Cameron Doudu

I am sure the authorities in Abuja are angry with the international media for giving ?too much publicity? to what Boko Haram has been doing in the country in the past few days.

But if they are angry, then I am afraid their attitude is wrong. When some 300 or so secondary school girls, aged between 16 and 18 are abducted in the middle of the night and taken into a forest by ruthless terrorists, nothing and no-one can prevent the media from extracting every juicy bit out of the story.

Some say the girls have been married off. Others say they have been sold. Two girls are reported to have died of snake-bite. A few have managed to escape. This is the stuff of which ?human interest? journalism is made and to blame the media for seizing on it and titillating its consumers with it, is quite simply unrealistic, to say the least.

When, even as the implications of the mass abduction are being assessed, deadly bomb blasts are thrown in, then the issue moves into national security territory, and ceases to be a mere episode of terrorism. And that is definitely news worthy.

Indeed, the Boko Haram threat must now be viewed as a full-scale insurrection which must be combated with the full arsenal of counter-insurgency, and not treated as if it were a series of ?disturbances? that can be tackled with the imposition of a state of emergency, or even a conventional warfare strategy.

The reason why a conventional warfare strategy cannot work with an uprising like that of Boko Haram is that in a conventional war, you have a war front which is more or less defined and you can attack the area and prise the enemy out of it. You can use artillery and even the air force to pound the front and either wipe the enemy out or get its forces to flee from there.

But in an insurgency, the enemy hides within the very sinews of the civilian population. Enemy forces move within the populace like fish in water. Which means that in a locality like North-eastern Nigeria ? where most people dress alike ? a Boko Haram adherent could be literally anyone: the pedestrian in the street or on the pavement; the hawker in the market; the passenger on a lorry or okada; or much worse, the person in a (stolen or mimicked) police or army uniform.

The victory that insurgency achieves lies not so much in its ability to take over a government (as in a coup d??tat or military conquest) as in its capacity to make normal life impossible. A breakdown in normal life, of course, focuses undue attention on the inefficiencies of the government, to the extent that it can implode from within.

But an insurgency can be defeated if, alongside efficient military operations, the government also embarks on a competent political campaign, aimed at rubbishing the objectives of the insurgents. Such a campaign must, however, reassure the public that the government truly wants to bring about developments that can make life better for all the people.

And there lies the rub. For that is precisely where the Nigerian political system, like its counterparts in many post-colonial African countries, falls flat on its feet. The ruling elite has shown itself to be selfish and insensitive to the welfare of its fellow citizens. The difference between the livelihoods of the top one or two percent of the population and the bottom 75 percent or so, is incongruously disproportionate. The result is that political loyalties are fickle. Money is king and that is why Boko Haram, which appears to have a lot of money, is enjoying a free ride on the bus to nuisance politics.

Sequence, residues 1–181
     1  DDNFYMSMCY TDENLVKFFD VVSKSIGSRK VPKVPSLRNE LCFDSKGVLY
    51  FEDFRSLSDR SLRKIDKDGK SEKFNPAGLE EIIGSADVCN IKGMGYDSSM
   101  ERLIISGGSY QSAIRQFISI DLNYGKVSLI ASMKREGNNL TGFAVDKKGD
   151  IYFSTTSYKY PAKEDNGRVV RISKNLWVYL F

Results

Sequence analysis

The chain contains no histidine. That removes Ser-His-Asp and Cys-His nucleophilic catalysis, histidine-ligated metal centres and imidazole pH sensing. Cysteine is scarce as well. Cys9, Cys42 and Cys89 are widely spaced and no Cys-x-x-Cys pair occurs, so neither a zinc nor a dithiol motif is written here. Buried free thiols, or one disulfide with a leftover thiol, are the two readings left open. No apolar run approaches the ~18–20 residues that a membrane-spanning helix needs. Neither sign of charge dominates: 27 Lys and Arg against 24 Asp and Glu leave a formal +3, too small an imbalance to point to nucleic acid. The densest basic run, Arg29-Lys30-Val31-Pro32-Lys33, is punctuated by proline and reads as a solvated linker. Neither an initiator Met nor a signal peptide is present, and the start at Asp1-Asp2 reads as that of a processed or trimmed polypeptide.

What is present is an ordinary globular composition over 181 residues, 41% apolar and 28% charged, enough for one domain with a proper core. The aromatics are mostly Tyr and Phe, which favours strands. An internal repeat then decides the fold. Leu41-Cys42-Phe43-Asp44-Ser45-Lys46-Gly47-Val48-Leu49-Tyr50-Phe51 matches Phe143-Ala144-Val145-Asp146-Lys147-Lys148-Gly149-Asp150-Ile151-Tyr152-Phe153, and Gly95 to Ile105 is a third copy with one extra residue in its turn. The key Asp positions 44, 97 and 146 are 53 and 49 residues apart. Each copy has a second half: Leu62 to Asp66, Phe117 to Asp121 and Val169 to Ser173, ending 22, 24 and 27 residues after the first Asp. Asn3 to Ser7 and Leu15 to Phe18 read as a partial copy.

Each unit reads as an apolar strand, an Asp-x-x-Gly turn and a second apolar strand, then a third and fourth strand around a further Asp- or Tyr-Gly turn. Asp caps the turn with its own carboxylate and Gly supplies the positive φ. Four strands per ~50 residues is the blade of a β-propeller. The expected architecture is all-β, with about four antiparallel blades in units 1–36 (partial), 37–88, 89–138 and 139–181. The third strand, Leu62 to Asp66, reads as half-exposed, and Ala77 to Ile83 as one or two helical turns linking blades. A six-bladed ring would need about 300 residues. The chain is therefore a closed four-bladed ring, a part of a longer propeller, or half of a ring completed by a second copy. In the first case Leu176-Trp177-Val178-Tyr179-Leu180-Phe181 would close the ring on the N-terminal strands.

Unless the populace as a whole can be convinced by deeds to come to the defense of the state, Boko Haram might succeed in destroying the state itself. For it is the populace that can provide state agencies with information that will enable the armed forces to detect and combat Boko Haram operations. Right now, the military have almost become a laughing stock to Nigerians. For instance, a military spokesman announced that many of the abducted girls had been rescued, only to reverse himself a short while later.

The Nigerian Minister of the Interior, interviewed on the BBC, also said that operations were continuing to rescue the girls. But he said he could not disclose the nature of the operations, since that would tip off the terrorists. Not surprisingly, some listeners wrote in to say that his statement was a classic way of covering up the fact that nothing was being done!

Meanwhile, some more girls escaped and told stories of how they had been able to outwit their captors. The question then arose: were the military interviewing the escaped girls? Surely they could give the military leads to where the rest were?

The situation about the girls is so pathetic that there have been public demonstrations, mainly led by women, in Abuja, Lagos and elsewhere, over their fate. Meanwhile, the death toll from Boko Haram this year alone stands at over 1,500, compared to an estimated 3,600 between 2010 and 2013. Where is insurrection going?

Nigeria must wake up and remember that without the assistance of its own military; neither Liberia nor Sierra Leone could have recovered from the ?failed state? condition in which they found themselves not too long ago. The Ivory Coast and Mali also owe a debt of gratitude to ECOWAS and Nigeria.

Now, ?the physician?, must heal himself. Nigeria can do it, through its own efforts, instead of listening to self-serving advice and calling in foreign forces. The history of Vietnam, Cambodia, Guatemala and Nicaragua, among others, and more recently, Iraq, Afghanistan and Libya, shows that calling in foreign forces only ends up making a bad situation worse. So Nigeria must not fall into that trap.

By Cameron Duodu

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